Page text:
Amex Plans Demutualization

It will convert to for-profit status.
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Updated from 9:28 a.m. EST

The American Stock Exchange authorized a plan to convert to for-profit status, setting the stage for a public offering down the road.

Amex's board of governors approved the initiation of a demutualization that could eventually result in owners trading in their seats for shares. Seat holders will have to approve the plan.

"We have been carefully examining the structure of the exchange for months," Amex said. "The Amex has undergone a major transformation over the past year, improving its technology and regulatory areas, and the vote to take this course of action will further position the Amex for growth."

In moving toward stock-based ownership, the Amex would be taking advantage of a bull market for publicly traded exchanges, the most recent example of which is the huge runup in shares of

NYSE Group

(NYX)

. Stock and commodity markets worldwide have been changing their ownership structure for the past two years, partly to cash out their owners and partly to create currency for acquisitions.

The century-old Amex has little of the NYSE's clout or celebrity, however. In recent years, the company has tried to carve out a niche as a forum for trading options and exchange-traded funds, but remains an also-ran in the former. Its 162 listed ETFs is the most of any exchange.

The AMEX's move to change its ownership structure, which seemingly mimics the NYSE's, has different goals and implications, according to Chief Executive Neal Wolkoff.

"There is a lot of talk

in the industry about being a target or an acquirer," Wolkoff said. "Really what we are looking for is money for branding, to grow technology, expand our business and to be a better advocate for our listed companies."

The NYSE's recent merger with Archipelago and public listing, although successful, didn't come without significant scrutiny, something that the Wolkoff hopes to avoid.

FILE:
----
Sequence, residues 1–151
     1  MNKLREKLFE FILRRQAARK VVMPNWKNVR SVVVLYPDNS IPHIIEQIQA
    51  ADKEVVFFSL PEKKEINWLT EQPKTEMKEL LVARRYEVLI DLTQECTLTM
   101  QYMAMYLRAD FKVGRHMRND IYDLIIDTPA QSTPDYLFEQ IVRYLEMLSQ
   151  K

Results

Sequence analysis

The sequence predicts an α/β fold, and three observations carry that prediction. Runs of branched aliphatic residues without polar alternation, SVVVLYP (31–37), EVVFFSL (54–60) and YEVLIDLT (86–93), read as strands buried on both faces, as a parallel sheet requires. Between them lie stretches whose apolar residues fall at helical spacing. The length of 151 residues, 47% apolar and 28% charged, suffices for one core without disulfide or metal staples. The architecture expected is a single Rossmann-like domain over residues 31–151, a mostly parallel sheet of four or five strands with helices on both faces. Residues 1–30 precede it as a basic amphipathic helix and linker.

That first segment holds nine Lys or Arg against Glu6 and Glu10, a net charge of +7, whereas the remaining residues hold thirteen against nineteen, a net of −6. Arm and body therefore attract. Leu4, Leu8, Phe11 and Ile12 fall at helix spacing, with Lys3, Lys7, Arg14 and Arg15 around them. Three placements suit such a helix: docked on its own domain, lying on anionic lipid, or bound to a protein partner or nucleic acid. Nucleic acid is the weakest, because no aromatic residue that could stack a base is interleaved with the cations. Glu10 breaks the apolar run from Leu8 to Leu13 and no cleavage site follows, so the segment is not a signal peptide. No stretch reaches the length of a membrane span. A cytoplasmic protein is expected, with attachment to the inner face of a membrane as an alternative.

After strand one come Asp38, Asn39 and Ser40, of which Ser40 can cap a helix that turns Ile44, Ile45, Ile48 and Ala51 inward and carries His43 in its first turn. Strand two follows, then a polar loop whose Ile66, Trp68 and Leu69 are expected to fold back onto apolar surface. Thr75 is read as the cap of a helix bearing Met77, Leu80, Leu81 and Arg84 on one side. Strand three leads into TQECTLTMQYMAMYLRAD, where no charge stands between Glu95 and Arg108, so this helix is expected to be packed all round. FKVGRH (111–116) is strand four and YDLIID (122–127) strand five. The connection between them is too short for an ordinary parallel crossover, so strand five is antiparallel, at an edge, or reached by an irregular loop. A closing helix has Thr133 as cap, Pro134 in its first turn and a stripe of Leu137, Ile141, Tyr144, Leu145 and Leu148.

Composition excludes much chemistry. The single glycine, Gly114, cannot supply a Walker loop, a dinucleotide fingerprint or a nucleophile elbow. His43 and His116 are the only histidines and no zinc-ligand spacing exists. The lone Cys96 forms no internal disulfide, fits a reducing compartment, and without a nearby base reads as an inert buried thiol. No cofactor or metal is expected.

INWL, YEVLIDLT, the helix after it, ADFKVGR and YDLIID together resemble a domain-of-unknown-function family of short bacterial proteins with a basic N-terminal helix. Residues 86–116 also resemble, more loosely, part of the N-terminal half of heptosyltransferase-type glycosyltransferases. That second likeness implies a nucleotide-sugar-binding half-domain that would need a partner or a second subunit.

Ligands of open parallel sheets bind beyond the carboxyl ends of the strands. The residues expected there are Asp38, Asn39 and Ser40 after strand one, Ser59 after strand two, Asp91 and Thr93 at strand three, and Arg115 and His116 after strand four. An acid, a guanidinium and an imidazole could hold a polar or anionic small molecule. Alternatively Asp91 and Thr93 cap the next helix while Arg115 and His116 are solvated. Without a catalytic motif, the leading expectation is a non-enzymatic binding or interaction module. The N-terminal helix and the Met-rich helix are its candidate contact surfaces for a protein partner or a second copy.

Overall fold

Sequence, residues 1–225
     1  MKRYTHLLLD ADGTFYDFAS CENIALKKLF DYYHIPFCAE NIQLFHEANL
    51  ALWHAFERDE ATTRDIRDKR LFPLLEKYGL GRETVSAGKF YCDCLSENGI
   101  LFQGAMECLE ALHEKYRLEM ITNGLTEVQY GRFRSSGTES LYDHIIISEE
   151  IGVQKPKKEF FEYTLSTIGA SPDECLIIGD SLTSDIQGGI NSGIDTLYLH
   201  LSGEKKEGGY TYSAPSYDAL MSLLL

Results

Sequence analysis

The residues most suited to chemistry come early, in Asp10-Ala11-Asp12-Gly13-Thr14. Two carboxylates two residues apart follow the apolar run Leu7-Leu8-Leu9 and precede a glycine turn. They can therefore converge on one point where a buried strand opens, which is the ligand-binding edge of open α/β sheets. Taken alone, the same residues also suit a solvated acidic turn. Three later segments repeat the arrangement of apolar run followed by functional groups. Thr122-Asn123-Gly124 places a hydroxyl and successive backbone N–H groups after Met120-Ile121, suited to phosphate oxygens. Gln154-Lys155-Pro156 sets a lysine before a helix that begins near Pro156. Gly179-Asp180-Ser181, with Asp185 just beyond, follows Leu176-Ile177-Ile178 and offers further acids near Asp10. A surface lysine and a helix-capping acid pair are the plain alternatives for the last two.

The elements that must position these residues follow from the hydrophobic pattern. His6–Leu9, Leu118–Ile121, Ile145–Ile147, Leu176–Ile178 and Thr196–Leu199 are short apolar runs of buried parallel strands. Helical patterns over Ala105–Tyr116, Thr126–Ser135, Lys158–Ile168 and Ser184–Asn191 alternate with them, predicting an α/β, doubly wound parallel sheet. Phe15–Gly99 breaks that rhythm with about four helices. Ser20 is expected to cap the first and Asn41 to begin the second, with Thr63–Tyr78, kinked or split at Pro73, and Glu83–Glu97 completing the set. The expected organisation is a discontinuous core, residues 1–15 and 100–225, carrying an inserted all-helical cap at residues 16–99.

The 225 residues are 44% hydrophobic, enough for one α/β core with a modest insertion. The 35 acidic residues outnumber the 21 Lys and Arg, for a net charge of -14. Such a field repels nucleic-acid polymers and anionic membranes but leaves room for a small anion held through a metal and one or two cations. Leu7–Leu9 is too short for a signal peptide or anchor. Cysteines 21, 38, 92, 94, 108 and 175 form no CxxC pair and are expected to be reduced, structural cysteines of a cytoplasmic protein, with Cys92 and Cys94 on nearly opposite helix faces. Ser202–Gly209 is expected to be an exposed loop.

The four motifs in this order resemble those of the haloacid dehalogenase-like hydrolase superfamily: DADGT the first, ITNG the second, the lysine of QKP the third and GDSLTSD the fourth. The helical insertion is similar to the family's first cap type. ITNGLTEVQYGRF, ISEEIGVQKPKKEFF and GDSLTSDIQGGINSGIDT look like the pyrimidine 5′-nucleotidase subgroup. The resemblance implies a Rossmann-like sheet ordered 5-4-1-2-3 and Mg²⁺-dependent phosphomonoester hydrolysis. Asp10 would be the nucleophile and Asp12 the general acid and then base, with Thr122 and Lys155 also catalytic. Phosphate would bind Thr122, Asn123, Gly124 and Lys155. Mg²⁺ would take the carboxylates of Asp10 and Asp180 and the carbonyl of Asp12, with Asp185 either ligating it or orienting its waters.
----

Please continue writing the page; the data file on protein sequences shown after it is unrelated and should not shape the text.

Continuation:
"Ultimately, the NYSE had a great accomplishment and managed to unify their ownership to become public. But that accomplishment played out publicly and contentiously," he said, "One of the fundamental differences

of the AMEX is that we are of a different size and there is a different membership. I don't think that you will see a contentious debate."

Still the NYSE has already made it through some of the issues that the AMEX is facing now, which has left some exchange investors skeptical in its ability to actually make it through the public market scrutiny that it will have to undergo. Recently,

TheStreet.com

reported that the

Securities and Exchange Commission

had been gathering trading information about specialists who operate on the AMEX, among other exchanges, similar to investigations that the NYSE underwent two years ago. Merger activity and increased competition from electronic start-ups has made the future more uncertain. The changing landscape could be an opportunity for the Amex -- or be another nail in its coffin.

Still, the company is confident that its relatively new management can pull it up to the level of its better-known competitors, and a public currency would enable it to obtain the cash to make some long needed changes.

"The reason why we are doing this is the same reason that any growing business that believes in itself wants to tap the markets," said Wolkoff.